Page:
VMware application virtualization offering ThinApp 4 reduces application conflict and speeds the cycle of application deployment while boasting lower overhead than full-blown desktop virtualization approaches. However, VMware's maiden app virtualization voyage hits some stormy patches.
VMware's ThinApp 4, the first version to ship since VMware acquired
Thinstall in January 2008, can, if properly configured, make life easier for IT
administrators by easing Windows software conflicts through the magic of
Where desktop virtualization involves hosting entire desktops, from virtual
hardware straight through to operating systems and applications, products such
as ThinApp eliminate application conflicts in Windows systems by isolating
application files and registry settings on standard Windows clients. As a
result, application virtualization is better distributed and more
offline-friendly than centralized, server-hosted desktop virtualization, and
requires less overhead than do locally run, PC-based desktop virtualization
VMware ThinApp and competitive products, including the beta
version of Microsoft Application Virtualization 4.5 and Altiris SVS (Software
Virtualization Solution), differ significantly from regular application
packaging tools in that they can stream an application package to a sandbox
that they create on the end-user system so that the application executes
without interfering with other programs that may already be installed.
For the most part, ThinApp performs its core application virtualization role
effectively, by virtue of an efficient application packaging mechanism and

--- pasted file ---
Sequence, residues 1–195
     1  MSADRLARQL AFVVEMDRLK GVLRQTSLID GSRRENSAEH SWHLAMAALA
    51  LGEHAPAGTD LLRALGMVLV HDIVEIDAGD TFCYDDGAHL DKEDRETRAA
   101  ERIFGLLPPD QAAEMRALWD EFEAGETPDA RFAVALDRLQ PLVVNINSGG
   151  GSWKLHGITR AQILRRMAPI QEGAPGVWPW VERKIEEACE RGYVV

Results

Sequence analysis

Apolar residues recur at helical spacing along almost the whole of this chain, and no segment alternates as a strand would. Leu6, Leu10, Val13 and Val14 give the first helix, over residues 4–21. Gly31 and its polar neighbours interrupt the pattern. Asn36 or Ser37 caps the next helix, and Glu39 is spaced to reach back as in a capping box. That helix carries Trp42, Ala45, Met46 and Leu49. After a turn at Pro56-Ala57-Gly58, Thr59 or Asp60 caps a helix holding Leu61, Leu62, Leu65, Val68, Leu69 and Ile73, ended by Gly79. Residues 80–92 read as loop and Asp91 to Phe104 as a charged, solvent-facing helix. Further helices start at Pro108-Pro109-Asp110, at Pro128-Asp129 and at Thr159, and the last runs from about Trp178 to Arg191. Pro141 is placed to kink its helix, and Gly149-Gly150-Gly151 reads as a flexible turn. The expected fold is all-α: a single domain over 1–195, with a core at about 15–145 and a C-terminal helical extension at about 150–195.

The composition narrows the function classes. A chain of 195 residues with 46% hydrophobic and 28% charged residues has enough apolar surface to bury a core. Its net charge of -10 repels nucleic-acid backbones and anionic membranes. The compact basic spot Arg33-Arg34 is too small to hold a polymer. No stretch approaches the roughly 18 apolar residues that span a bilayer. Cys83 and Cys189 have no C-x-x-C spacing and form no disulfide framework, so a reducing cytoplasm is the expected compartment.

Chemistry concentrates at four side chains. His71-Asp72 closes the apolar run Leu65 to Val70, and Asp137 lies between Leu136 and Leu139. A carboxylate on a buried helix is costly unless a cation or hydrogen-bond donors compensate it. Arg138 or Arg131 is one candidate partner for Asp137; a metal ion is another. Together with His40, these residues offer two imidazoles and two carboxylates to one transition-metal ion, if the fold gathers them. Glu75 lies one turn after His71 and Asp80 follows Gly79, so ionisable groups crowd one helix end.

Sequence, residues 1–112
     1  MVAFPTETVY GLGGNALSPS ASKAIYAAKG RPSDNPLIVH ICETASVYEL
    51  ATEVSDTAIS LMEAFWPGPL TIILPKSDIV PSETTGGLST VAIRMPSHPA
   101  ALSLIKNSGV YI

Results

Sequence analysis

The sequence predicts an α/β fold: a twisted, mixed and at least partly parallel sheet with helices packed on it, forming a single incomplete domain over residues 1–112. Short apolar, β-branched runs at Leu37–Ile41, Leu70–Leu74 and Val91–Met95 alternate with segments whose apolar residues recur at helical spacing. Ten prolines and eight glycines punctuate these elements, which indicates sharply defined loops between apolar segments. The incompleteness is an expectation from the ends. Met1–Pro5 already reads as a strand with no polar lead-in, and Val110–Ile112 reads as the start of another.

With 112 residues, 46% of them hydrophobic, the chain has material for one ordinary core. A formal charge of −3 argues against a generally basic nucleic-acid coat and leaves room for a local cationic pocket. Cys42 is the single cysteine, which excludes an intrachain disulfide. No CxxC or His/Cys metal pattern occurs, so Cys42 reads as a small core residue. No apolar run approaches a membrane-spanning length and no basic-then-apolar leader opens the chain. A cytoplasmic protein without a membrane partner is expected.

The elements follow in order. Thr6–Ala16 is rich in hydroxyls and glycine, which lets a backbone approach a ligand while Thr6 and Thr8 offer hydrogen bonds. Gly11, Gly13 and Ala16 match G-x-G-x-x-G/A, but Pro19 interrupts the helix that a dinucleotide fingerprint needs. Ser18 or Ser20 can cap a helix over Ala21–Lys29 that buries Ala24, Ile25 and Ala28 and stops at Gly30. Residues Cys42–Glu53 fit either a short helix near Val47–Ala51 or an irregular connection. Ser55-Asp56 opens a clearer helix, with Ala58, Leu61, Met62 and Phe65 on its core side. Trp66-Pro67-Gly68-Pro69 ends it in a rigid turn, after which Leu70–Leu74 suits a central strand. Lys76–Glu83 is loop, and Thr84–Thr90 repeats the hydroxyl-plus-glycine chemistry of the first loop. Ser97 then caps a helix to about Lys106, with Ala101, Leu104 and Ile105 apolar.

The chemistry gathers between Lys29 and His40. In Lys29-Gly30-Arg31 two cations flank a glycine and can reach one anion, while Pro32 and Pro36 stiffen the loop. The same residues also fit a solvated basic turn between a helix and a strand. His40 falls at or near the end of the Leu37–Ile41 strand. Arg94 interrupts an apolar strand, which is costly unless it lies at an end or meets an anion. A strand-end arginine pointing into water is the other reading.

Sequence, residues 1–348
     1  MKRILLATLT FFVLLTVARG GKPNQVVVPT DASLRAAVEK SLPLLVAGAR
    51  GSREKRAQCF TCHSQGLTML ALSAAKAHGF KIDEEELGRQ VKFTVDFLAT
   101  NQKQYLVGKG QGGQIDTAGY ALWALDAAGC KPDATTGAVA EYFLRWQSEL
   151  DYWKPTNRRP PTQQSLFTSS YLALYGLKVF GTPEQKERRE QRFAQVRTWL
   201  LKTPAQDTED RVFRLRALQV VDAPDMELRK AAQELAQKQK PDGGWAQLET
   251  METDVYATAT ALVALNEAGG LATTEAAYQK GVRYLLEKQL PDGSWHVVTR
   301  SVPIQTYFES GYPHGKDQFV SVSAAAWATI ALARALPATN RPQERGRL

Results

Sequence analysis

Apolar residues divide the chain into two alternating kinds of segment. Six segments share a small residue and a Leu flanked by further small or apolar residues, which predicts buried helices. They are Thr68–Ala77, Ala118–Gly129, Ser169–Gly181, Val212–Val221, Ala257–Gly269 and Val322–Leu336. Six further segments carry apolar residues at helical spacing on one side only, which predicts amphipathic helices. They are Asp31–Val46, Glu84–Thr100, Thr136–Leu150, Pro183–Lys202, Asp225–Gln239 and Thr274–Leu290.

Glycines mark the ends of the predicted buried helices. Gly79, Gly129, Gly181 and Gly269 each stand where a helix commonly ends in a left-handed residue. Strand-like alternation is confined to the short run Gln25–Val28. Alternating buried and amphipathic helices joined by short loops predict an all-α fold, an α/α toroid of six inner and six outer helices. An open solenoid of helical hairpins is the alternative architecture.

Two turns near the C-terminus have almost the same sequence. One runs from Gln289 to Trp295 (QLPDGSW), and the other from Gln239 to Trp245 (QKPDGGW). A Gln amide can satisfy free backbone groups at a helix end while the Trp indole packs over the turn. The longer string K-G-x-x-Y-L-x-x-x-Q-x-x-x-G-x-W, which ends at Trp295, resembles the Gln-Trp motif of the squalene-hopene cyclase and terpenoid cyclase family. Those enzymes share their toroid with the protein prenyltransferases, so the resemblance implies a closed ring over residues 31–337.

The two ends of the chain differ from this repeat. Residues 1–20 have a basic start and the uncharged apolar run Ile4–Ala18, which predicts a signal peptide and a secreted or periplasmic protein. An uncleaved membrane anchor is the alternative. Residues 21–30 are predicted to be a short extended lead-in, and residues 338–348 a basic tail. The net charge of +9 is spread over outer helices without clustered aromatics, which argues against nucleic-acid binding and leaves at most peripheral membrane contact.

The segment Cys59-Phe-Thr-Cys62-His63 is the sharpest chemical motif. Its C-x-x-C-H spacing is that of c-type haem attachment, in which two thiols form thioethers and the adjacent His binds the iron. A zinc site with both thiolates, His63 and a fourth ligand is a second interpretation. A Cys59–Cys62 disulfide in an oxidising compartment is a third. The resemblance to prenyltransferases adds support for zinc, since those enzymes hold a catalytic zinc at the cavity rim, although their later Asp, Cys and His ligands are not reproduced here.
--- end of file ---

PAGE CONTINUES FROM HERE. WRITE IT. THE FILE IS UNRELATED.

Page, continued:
distribution system that makes virtualized applications available to end users
from a network share or USB drive. Once I
got the system up and running, VMware ThinApp did a good job of distributing
applications without the need to perform extensive regression testing to check
for conflicts with other applications (or even older versions of the same
However, in eWEEK Labs' tests, proper configuration proved more challenging
than it should have been. In particular, I found ThinApp 4's impressive new
AppSync application update features impaired by a clumsy user interface and
lacking in good documentation. Many of my VMware ThinApp test problems could be
rectified with a couple of pages of documentation. Assuming that these
omissions are corrected, desktop administrators should put VMware ThinApp on the
short list of application virtualization tools to consider.
VMware ThinApp was released on June 10, costs $5,000 for the server and
includes a copy of VMware Workstation, which is handy for creating the clean
clients needed for application preparation, and 50 client licenses. Additional
client licenses are $39 per endpoint.
Cameron Sturdevant is the executive editor of Enterprise Networking Planet. Prior to ENP, Cameron was technical analyst at PCWeek Labs, starting in 1997. Cameron finished up as the eWEEK Labs Technical Director in 2012. Before his extensive labs tenure Cameron paid his IT dues working in technical support and sales engineering at a software publishing firm . Cameron also spent two years with a database development firm, integrating applications with mainframe legacy programs. Cameron's areas of expertise include virtual and physical IT infrastructure, cloud computing, enterprise networking and mobility. In addition to reviews, Cameron has covered monolithic enterprise management systems throughout their lifecycles, providing the eWEEK reader with all-important history and context. Cameron takes special care in cultivating his IT manager contacts, to ensure that his analysis is grounded in real-world concern. Follow Cameron on Twitter at csturdevant, or reach him by email at email@example.com.